When LeBron James was just 18-years-old, he inked his first endorsement deal with Nike, a seven-year $90 million contract. Since then, the now four-time NBA champ and MVP has only further solidified his relationship with the Northwestern activewear brand, signing a lifetime contract with the Swoosh label in 2016 that is reportedly valued at over one billion dollars. Since that time, James and Nike have entered into even more initiatives and partnerships, the latest of which sees the footwear outfit open a state-of-the-art 84,000 square foot research and development facility in LeBron’s name, located at the footwear brand’s headquarters in Beaverton, Oregon.
Dubbed the LeBron James Innovation Center, the facility was designed by Seattle’s Olsen Kundig and houses what is reportedly the world’s largest motion-capture installation with more than 400 Mo-Cap cameras, 97 force plates, and a slew of other body mapping equipment. The multi-story structure also boasts more than 80 rapid prototyping machines, and four separate environmental chambers to recreate a variety of real-world climates and conditions. Built with a major focus on sustainability, the facility also utilizes a 100% renewable electrical system thanks to more than 900 solar panels lining the building’s roof, and sports low-flow fixtures that reduce water consumption by 40% and NSRL flooring made using more than 21,000lbs of Nike Grind. On top of obviously featuring multiple basketball courts, the LeBron James Innovation Center has also received a 200-meter endurance track, a 100-meter straightaway, and an artificial turf training pitch — allowing the center to host a myriad of different types of athletes.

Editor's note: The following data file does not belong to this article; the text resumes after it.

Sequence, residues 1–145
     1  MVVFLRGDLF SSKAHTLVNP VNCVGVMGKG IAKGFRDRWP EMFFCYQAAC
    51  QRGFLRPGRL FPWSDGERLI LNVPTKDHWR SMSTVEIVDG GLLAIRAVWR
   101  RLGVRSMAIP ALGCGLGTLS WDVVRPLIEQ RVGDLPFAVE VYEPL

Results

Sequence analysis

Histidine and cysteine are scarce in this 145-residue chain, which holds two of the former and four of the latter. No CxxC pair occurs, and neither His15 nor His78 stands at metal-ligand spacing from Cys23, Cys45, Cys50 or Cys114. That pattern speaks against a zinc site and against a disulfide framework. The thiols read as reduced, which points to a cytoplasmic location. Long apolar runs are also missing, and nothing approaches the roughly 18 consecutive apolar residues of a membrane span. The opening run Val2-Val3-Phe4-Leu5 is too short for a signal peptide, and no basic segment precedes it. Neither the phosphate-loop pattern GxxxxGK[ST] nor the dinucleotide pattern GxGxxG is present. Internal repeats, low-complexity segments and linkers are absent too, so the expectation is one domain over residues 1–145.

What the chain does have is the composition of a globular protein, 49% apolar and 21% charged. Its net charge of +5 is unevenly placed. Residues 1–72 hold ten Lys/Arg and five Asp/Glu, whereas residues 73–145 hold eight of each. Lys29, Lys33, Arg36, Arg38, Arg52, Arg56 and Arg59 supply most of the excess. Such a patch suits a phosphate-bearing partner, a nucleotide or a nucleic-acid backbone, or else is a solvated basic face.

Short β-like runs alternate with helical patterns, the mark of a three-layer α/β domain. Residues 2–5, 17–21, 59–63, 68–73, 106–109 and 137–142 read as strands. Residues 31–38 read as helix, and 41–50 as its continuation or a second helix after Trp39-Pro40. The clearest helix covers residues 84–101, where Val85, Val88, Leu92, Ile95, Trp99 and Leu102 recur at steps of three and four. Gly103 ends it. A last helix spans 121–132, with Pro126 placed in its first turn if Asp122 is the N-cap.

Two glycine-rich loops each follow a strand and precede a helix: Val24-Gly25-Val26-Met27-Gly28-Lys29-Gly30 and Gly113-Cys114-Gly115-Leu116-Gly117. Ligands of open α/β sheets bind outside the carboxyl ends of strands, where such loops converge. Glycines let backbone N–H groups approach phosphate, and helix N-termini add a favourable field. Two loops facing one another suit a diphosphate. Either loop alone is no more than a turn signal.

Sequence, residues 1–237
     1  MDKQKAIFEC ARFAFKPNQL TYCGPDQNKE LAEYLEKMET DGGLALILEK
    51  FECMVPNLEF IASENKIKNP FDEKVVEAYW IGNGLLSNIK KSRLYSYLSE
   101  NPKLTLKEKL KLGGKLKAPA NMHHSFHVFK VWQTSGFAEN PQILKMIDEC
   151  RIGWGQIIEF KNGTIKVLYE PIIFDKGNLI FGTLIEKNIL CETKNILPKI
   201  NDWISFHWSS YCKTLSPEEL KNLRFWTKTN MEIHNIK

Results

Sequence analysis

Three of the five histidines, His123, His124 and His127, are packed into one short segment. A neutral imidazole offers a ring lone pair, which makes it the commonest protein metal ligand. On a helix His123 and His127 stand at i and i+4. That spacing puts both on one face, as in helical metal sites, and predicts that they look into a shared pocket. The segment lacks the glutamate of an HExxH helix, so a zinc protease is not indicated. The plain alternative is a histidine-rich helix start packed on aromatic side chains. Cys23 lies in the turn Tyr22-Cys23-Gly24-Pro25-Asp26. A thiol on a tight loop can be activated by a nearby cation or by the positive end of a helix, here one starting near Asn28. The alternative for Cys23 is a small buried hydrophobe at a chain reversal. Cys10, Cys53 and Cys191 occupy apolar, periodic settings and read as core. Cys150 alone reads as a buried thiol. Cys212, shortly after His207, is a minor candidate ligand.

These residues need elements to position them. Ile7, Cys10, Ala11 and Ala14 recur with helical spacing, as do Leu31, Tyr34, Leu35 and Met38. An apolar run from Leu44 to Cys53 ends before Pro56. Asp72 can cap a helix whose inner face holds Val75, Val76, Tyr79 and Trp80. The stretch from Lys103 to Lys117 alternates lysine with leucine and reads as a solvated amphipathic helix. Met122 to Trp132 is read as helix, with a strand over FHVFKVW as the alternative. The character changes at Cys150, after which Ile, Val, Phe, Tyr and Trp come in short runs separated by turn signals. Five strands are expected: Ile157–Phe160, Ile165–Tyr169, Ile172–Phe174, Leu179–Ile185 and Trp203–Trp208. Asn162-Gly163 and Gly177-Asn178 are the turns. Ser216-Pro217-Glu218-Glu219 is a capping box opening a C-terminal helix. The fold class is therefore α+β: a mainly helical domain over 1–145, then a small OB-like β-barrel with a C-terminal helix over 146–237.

The Nike LeBron James Innovation Center is now open and is expected to be responsible for a slew of envelope-pushing products in the coming years.
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